Tuesday, 19 June 2012

Jyväskylä: Wivi Lönn Walk

Wivi Lönn (1872-1966) was the first independently practicing female architect in Finland. During her career, Ms Lönn lived and worked Jyväskylä, Finland in 1911-18. I enter the garden of the house (1910) Wivi Lönn designed for herself and her mother. The private house at Wivi Lönnin katu 3 is owned by Kauko Sorjonen, a local businessman and patron of the arts who has over the years helped rescue many old buildings in the area through his foundation.

The walking tour will take us past some of the houses designed by Wivi Lönn in the small area of Seminaarinrinne (there are also other buildings by her elsewhere in town), right next to the campus of University of Jyväskylä. For starters, our guide Sanni Kankainen shows us into a side building which is nicknamed 'kanala', a henhouse.
Behind the pretty pediment there actually was a henhouse as well as room for taking care of some household tasks. The former henhouse part is now decorated as a guest room; we are welcomed to watch a short video of Wivi Lönn's life, career and the history of her house in the other room. It is a good orientation for our walk.
Ms Lönn designed quite a few buildings in Jyväskylä and many of them have luckily survived until today. When Wivi Lönn lived here, her large garden included a kitchen garden as well. Today, the garden is more or less for pure enjoyment. Right now, the Flowering Onions are in full bloom but the apple trees have alredy shed their blossoms on the neat lawn.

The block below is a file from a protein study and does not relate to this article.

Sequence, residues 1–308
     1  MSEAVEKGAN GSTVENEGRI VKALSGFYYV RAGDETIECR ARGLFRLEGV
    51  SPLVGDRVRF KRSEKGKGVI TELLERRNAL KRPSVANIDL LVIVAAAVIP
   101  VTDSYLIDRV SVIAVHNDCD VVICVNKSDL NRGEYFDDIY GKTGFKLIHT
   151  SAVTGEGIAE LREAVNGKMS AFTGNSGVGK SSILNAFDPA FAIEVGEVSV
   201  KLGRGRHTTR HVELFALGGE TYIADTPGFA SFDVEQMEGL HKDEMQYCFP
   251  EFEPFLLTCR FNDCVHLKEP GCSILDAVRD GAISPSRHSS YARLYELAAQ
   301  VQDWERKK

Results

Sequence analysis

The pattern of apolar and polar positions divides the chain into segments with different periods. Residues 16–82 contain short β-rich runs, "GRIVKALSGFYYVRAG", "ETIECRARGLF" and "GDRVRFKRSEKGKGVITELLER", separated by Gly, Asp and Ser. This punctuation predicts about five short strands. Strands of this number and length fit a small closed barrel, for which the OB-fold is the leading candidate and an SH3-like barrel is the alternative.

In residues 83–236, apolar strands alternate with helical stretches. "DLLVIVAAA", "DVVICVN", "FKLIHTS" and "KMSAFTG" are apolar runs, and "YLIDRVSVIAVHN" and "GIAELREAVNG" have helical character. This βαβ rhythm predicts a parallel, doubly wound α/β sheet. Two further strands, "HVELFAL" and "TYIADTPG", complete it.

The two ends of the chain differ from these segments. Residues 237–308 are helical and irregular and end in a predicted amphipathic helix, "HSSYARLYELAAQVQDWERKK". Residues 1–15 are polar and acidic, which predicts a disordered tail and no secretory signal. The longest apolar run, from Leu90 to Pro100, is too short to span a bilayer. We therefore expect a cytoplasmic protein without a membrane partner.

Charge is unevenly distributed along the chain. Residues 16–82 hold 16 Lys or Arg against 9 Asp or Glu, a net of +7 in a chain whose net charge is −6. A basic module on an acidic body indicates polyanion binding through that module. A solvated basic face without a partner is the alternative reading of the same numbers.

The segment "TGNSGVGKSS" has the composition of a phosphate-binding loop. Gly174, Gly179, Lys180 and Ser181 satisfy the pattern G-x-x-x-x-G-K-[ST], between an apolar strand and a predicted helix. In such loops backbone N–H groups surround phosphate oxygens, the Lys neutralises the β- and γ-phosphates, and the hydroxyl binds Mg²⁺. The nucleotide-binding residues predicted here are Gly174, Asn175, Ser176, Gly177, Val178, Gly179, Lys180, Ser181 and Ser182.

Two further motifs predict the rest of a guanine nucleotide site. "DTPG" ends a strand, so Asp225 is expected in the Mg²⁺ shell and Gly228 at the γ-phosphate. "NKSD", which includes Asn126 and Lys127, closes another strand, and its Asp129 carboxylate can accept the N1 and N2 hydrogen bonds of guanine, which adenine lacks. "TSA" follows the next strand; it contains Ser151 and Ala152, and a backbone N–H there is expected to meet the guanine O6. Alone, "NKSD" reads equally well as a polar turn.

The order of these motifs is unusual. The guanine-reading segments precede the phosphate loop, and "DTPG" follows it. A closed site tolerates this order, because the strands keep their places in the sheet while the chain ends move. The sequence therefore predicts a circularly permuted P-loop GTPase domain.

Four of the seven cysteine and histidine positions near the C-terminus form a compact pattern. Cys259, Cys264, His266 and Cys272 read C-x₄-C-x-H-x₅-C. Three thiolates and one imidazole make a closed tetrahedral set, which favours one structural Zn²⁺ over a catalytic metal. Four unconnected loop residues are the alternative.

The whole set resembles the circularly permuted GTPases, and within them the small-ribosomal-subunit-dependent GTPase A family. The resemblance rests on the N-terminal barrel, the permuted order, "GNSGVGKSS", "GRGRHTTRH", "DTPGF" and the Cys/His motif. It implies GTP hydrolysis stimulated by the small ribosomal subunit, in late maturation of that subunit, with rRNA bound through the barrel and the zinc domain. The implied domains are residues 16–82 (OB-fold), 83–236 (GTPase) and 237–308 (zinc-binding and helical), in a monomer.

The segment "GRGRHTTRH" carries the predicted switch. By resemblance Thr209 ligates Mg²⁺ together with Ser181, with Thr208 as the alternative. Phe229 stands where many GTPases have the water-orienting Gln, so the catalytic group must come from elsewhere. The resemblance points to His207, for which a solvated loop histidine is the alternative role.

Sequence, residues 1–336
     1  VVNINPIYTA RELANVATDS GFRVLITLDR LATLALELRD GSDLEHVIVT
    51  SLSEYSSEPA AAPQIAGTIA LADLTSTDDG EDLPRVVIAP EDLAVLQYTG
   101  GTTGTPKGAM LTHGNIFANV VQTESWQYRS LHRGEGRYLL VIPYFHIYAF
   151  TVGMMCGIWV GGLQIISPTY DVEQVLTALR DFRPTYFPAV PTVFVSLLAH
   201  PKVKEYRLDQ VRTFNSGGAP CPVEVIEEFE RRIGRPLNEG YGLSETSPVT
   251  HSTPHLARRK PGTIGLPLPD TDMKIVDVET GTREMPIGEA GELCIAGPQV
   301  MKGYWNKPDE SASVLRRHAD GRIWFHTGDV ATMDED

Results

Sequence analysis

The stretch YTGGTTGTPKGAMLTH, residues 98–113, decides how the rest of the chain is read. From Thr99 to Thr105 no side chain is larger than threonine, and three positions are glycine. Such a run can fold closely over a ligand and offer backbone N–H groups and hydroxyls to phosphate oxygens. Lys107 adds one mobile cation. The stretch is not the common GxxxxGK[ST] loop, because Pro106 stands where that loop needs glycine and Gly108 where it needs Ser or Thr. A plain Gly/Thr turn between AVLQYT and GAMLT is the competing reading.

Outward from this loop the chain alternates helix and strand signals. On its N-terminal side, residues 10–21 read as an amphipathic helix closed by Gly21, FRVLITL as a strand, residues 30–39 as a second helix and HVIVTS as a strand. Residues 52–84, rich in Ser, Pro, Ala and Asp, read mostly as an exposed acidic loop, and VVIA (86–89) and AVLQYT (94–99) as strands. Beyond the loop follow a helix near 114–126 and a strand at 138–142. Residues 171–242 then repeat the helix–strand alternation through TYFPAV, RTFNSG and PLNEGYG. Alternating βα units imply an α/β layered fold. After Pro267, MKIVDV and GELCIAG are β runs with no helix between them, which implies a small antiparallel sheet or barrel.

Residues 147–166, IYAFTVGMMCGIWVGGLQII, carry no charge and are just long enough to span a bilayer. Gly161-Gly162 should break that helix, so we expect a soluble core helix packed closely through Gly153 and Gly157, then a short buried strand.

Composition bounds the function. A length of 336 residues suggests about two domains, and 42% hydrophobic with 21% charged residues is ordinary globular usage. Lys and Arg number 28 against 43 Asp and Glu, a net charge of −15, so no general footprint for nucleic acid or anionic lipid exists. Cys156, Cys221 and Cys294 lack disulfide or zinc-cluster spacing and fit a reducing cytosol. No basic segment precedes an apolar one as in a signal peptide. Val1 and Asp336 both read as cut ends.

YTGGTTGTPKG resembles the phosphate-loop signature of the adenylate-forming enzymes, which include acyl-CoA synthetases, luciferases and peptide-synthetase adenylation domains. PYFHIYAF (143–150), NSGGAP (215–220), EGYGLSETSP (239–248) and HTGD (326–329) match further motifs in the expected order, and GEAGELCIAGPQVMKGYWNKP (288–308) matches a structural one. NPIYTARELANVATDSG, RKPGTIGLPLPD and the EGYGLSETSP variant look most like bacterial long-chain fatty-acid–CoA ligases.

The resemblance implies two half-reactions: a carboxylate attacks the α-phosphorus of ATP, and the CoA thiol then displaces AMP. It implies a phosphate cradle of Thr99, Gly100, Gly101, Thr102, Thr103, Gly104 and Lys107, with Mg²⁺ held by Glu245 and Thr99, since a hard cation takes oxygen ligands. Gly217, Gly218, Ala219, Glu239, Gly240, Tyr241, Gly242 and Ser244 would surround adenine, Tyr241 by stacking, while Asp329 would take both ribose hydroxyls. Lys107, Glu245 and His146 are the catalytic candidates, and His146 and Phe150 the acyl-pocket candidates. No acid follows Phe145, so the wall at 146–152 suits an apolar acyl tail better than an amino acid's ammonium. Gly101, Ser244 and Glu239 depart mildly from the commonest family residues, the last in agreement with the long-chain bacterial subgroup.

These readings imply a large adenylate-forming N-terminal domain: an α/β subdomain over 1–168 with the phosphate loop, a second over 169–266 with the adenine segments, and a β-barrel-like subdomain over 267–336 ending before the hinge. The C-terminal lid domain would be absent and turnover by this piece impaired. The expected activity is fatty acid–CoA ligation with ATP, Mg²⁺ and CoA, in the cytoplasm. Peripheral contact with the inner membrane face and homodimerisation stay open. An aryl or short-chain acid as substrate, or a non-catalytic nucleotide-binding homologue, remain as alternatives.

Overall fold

The latest artistic addition to the garden seems to be the slim maiden by the apple tree. The statue by Liisa Äärynen is called Puutarhassa (In the Garden). She is well placed to have a good view over the garden below, although the view is not as quite as fantastic as it was in Lönn's day when lake Jyväsjärvi was much closer than now and visible also from here.
Another statue depicts the architect herself. Wivi Lönn (Sonja Vectomov 2010) is facing the architect's former home the outlines of which can be seen also on the pedestal, just like those of the doghouse which she also designed to her house.
The doghouse itself is located just above the stone foundation of the building. That may at least partly explain why the doghouse wasn't apparently used that much. I wonder if there might have been wooden steps leading to it originally? If the pictures tell a real story, Wivi had two dogs, and the one on the right is a Finnish Spitz.